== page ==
Britain looked to Israel for lessons in military deception
Newly released documents show U.K. military studied IDF techniques of complex, intertwined deceptions.
LONDON - When British military leaders set up a special task force in 1969to study how best to use deception to achieve their battlefield aims, they focused on tactics used by the Israelis.
Formerly classified documents released Friday by the National Archives show that many officers felt the Americans, in contrast, did not have a knack for deceiving the enemy. Americans were judged to be so open and friendly that they lacked cunning.
The so-called Defense Deception Advisory Group studied the way Israel's military and political leaders used a complex series of intertwined deceptions to fool their Arab enemies about the Jewish state's intentions and its military capabilities.
The British found, for example, that the Israelis confused their adversaries by deploying fake soldiers - mannequins in battle dress were used - near a border crossing to make their enemies think an attack was coming, forcing them to deploy troops to defend the area.
"The British [were] impressed to see how those techniques could be used in a modern era," said Mark Dunton, contemporary history specialist at the National Archives.
The three-year study was prompted by fear that Britain's vaunted ability to deceive enemies in battle was fading because of the long period of relative peace that followed World War II. Its template was the Six-Day War in 1967.
After Egypt blocked the strategic Straits of Tiran and expelled UN forces from the Sinai Desert, Israel launched a preemptive strike on June 5, 1967 that destroyed Egypt's air force on the ground. In the ensuing six days of fighting, Israeli forces captured the West Bank, Golan Heights, Gaza Strip and Sinai from Jordan, Syria and Egypt.
The documents state that Israel implemented a sophisticated, preplanned deception strategy that included statements made by its political leaders and top diplomats during the tense prewar period. This included the well-known decision to send many Israeli soldiers on their regular weekend home leave to convince the enemy to lower its guard just before hostilities began.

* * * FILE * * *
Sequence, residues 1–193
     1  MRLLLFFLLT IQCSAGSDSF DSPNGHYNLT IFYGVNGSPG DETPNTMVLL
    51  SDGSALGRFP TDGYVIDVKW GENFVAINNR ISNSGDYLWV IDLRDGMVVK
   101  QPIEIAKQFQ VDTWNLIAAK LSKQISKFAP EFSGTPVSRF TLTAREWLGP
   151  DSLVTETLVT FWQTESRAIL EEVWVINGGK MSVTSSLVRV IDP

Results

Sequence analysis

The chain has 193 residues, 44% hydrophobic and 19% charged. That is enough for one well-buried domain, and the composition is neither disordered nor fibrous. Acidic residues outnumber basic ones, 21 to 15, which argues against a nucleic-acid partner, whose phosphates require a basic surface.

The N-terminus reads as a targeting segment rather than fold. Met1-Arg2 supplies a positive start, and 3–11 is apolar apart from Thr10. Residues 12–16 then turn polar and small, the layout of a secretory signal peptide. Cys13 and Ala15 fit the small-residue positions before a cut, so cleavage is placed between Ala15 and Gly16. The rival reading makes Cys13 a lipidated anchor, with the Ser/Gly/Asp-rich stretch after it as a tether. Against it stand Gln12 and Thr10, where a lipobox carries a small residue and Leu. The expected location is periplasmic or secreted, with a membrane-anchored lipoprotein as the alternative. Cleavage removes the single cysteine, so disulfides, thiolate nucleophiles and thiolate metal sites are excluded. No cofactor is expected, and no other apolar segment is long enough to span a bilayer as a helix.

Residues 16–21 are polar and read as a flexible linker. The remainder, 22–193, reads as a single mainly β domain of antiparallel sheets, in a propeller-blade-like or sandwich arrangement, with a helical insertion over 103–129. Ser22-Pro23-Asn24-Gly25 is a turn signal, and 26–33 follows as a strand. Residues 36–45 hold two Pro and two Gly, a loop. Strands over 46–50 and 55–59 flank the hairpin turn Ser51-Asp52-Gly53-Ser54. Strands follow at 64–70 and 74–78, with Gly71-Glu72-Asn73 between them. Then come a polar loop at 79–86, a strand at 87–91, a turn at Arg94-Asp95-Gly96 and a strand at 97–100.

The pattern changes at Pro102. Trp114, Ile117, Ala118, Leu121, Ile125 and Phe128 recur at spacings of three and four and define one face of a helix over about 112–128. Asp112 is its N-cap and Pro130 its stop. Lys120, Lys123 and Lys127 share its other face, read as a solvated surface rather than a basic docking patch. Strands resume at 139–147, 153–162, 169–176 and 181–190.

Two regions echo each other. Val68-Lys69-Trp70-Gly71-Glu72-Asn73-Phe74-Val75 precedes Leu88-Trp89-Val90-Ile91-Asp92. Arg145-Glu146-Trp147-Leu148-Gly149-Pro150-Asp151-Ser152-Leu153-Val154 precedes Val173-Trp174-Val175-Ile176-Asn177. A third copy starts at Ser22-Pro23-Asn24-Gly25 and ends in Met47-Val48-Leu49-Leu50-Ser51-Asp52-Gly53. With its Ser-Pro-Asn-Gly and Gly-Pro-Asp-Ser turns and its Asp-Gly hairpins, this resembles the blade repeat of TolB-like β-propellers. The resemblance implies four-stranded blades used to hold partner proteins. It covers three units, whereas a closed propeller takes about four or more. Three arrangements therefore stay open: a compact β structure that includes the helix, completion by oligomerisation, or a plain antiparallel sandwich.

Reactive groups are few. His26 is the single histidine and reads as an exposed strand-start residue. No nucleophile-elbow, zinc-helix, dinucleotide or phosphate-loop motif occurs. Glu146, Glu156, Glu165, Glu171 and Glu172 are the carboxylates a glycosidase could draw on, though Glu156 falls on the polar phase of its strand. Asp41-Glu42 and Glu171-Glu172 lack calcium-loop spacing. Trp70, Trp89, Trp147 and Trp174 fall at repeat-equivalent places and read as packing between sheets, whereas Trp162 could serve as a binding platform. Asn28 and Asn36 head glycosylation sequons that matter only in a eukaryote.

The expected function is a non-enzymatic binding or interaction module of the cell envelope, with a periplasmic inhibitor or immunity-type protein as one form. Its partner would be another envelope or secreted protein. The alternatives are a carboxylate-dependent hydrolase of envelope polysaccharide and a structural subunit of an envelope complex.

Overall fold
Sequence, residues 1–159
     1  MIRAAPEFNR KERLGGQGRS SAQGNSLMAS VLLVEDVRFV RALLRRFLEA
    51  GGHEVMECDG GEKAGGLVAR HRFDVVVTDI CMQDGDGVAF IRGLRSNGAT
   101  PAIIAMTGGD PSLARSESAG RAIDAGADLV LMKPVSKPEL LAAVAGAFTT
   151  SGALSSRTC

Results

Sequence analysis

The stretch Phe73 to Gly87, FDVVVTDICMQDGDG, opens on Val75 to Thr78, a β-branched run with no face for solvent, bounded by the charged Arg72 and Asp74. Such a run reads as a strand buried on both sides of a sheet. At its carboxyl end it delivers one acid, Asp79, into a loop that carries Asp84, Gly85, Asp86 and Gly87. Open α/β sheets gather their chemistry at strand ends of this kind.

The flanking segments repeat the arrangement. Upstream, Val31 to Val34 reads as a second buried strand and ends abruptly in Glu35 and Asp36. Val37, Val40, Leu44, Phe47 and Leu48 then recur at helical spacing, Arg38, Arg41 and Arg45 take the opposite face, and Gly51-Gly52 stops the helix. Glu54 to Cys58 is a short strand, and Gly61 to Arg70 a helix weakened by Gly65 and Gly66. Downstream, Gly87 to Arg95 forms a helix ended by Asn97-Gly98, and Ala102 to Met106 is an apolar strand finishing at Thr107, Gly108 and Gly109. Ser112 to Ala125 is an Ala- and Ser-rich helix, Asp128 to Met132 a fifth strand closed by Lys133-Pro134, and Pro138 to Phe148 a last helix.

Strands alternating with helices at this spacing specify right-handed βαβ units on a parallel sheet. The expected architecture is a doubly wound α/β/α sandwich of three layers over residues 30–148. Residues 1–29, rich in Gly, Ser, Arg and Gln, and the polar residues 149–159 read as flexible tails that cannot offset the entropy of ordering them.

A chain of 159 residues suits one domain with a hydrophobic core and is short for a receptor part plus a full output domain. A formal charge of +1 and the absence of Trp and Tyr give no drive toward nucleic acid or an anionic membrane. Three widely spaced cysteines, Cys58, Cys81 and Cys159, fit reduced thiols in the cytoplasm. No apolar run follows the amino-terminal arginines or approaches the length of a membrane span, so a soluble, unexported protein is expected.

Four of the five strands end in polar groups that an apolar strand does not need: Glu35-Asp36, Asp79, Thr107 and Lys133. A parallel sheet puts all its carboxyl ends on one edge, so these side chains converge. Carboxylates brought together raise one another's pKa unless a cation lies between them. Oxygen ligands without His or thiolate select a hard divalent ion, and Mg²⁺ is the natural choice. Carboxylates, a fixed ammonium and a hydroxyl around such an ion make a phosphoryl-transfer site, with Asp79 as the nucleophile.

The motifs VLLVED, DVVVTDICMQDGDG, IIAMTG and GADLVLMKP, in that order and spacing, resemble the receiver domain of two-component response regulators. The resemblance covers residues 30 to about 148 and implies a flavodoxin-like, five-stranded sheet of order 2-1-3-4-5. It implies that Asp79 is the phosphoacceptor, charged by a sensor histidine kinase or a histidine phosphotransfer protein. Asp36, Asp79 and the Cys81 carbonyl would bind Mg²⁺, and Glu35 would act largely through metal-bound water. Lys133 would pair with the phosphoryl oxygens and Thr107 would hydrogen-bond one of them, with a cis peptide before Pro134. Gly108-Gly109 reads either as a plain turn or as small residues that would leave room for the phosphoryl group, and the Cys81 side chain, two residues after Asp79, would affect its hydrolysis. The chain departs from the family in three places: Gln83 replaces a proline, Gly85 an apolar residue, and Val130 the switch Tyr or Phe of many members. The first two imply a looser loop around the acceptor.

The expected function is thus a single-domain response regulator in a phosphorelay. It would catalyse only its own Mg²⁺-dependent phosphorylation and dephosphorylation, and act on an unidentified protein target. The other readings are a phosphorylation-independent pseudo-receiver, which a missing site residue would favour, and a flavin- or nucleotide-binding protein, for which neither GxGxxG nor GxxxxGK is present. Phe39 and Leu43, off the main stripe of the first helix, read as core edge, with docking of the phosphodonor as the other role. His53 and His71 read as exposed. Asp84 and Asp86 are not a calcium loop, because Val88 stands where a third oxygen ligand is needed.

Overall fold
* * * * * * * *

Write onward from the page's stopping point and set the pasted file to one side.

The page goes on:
An April 10, 1972, document credits the Israelis with using a variety of strategies to confuse and demoralize their enemies, including:
b Maintaining strict secrecy about modern bombs in their arsenal, leading Arab nations to believe Israel had only World War II-era bombs, and misleading the enemy about new systems that allowed Israel to service its bombers in just 7.5 minutes so they could resume attacks.
b Having Arabic-speaking Israeli agents take part in Egyptian military radio communications, giving them vital information about Egypt's military plans.
b Delaying information about the capture of key Arab towns, thus luring Arab patrols into devastating ambushes.
b Using Israelis who spoke Arabic with an Egyptian accent to man the control tower at a captured airfield so that Egyptian military pilots would land their planes and be captured.
b Using small deployments of tanks and torpedo boats to coax the enemy into defending borders where no real attack was planned.
The deployment of the dummy military units seemed to captivate the British: Typically deadpan officers used a rare exclamation point to describe the tactic.
Uri Bar-Joseph, a security and intelligence specialist at the University of Haifa, said this tactic led the Egyptian army to send units to the south when Israel planned to attack in the north.